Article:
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Draft First-tier Tribunal and Upper Tribunal (Composition of Tribunal) (amendment) order 2018

Debated on Thursday 26 April 2018

The Committee consisted of the following Members:

Chair: Mark Pritchard

† Black, Mhairi (Paisley and Renfrewshire South) (SNP)

Coffey, Ann (Stockport) (Lab)

† Davies, Philip (Shipley) (Con)

Elliott, Julie (Sunderland Central) (Lab)

Evans, Chris (Islwyn) (Lab/Co-op)

† Frazer, Lucy (Parliamentary Under-Secretary of State for Justice)

† Garnier, Mark (Wyre Forest) (Con)

† Heaton-Jones, Peter (North Devon) (Con)

† Hepburn, Mr Stephen (Jarrow) (Lab)

† Milling, Amanda (Cannock Chase) (Con)

† O’Brien, Neil (Harborough) (Con)

† Onasanya, Fiona (Peterborough) (Lab)

† Qureshi, Yasmin (Bolton South East) (Lab)

† Russell-Moyle, Lloyd (Brighton, Kemptown) (Lab/Co-op)

† Shapps, Grant (Welwyn Hatfield) (Con)

† Swayne, Sir Desmond (New Forest West) (Con)

† Watling, Giles (Clacton) (Con)

Nehal Bradley-Depani, Committee Clerk

† attended the Committee

Ninth Delegated Legislation Committee

Thursday 26 April 2018

[Mark Pritchard in the Chair]

Draft First-tier Tribunal and Upper Tribunal (Composition of Tribunal) (Amendment) Order 2018

I beg to move,

That the Committee has considered the draft First-tier Tribunal and Upper Tribunal (Composition of Tribunal) (Amendment) Order 2018.

It is a pleasure to serve under your chairmanship, Mr Pritchard. This statutory instrument introduces flexibility to the membership of tribunal panels. The changes are supported by the senior judiciary and the current Senior President of Tribunals, Sir Ernest Ryder.

I will start by describing our tribunal system, which is an important part of the justice system. Tribunals were initially designed to be proportionate, user-friendly ways of determining disputes. The SI seeks to bring more flexibility into the system. At the moment, both judicial and lay members sit on various panels. The current statutory scheme provides that, in determining the composition of the panel, regard should be had for the previous arrangements, which means that many tribunal panels are based significantly on historical precedents.

The SI provides the Senior President of Tribunals with more flexibility in when and how panel members are used. Experts will be used when they are needed, not simply because they have always been used. The context of the SI is that we are reforming the courts and tribunals system, using technology to bring it up to date. The SI allows the Senior President of Tribunals to consider what composition might be needed as our reform programme develops.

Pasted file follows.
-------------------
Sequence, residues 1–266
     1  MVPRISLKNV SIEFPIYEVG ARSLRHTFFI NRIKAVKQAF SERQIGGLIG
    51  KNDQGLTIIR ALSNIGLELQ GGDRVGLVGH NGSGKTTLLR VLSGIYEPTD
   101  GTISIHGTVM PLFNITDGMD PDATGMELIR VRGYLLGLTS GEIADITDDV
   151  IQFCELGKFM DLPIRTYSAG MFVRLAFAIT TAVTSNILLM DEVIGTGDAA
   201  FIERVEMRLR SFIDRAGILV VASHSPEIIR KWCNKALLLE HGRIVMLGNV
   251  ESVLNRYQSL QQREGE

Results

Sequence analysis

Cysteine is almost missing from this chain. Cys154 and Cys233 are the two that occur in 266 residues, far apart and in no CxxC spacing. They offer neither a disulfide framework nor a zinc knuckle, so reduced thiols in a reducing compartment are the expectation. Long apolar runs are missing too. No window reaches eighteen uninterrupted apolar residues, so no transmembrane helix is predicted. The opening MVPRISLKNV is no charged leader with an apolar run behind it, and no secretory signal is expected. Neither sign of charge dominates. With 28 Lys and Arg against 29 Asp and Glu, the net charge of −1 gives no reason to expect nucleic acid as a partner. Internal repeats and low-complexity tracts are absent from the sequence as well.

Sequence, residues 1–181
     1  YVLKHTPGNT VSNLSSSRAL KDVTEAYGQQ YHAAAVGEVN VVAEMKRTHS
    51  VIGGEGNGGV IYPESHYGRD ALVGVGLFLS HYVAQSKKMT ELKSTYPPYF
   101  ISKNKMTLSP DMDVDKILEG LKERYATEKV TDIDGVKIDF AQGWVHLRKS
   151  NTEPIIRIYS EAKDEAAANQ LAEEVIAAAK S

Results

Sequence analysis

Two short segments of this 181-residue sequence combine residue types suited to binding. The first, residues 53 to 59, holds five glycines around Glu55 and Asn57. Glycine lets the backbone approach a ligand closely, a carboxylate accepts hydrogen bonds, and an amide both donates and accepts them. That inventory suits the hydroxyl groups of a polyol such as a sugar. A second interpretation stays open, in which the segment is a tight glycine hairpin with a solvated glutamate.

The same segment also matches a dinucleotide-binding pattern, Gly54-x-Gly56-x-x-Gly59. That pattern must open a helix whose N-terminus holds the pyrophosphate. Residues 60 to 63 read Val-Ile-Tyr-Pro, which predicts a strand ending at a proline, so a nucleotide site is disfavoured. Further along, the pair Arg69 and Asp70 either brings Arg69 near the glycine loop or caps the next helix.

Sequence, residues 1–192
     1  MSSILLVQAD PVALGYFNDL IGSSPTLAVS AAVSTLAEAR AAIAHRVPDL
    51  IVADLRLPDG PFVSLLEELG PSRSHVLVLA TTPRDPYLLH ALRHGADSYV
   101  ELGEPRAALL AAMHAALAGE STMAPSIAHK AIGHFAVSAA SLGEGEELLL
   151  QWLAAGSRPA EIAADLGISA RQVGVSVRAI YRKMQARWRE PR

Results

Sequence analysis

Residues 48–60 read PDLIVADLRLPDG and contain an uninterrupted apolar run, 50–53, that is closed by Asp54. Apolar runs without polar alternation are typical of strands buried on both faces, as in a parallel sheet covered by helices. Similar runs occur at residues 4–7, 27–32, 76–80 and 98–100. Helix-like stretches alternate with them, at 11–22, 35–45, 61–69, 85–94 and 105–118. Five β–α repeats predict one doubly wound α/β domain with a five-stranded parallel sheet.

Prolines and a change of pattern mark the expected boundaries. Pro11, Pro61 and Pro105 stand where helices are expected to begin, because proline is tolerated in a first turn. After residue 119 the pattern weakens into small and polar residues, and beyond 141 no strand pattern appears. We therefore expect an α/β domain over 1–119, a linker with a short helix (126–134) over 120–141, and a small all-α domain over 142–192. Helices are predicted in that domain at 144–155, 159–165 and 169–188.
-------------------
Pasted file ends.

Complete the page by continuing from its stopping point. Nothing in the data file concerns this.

Quite simply, the SI removes the requirement to consider historical composition, but it provides safeguards. It provides that the Senior President of Tribunals must have regard to the nature of the dispute and the means by which it is to be determined, and the need for tribunal members to have particular expertise, skills and knowledge. The Senior President of Tribunals will still have a statutory duty, when determining the composition of panels, to consider the need for panel members to be experts in the law, or the subject matter being heard, and to ensure that the hearing is fair and efficient.

The SI also provides for ministerial oversight, so the panel composition will be set by practice direction. That will bring the position of the first-tier and upper tribunals into alignment with the wider justice system, as the Senior President of Tribunals will need to consult the Lord Chancellor on any panel changes but will continue to make the final determination.

In conclusion, the SI does not change any composition; that remains for the Senior President of Tribunals to review and consider. Safeguards are in place to ensure that users are not adversely affected. Whenever the Senior President of Tribunals has previously sought to amend panel arrangements, he has done so in collaboration with senior members of the judiciary. On that basis, I commend the order to the House.

It is a pleasure to serve under your chairmanship, Mr Pritchard. We will be seeking a Division on this order. This is my third Delegated Legislation Committee of the week, and I was very good in the previous two, because I did not speak and I did not seek any Divisions—perhaps I want to make up for that today.

Tribunals, which have existed for many years, perform a vital role in our judicial system. They were designed mostly to deal with decisions made by public authorities—Government, the civil service, local authorities and others—but from time to time they are used when it is people against other people, for example in employment tribunals or the Land Tribunal. The rationale has always been to make them user-friendly and less formal. Strict rules of evidence are often not applied, and common sense is an important part of the process.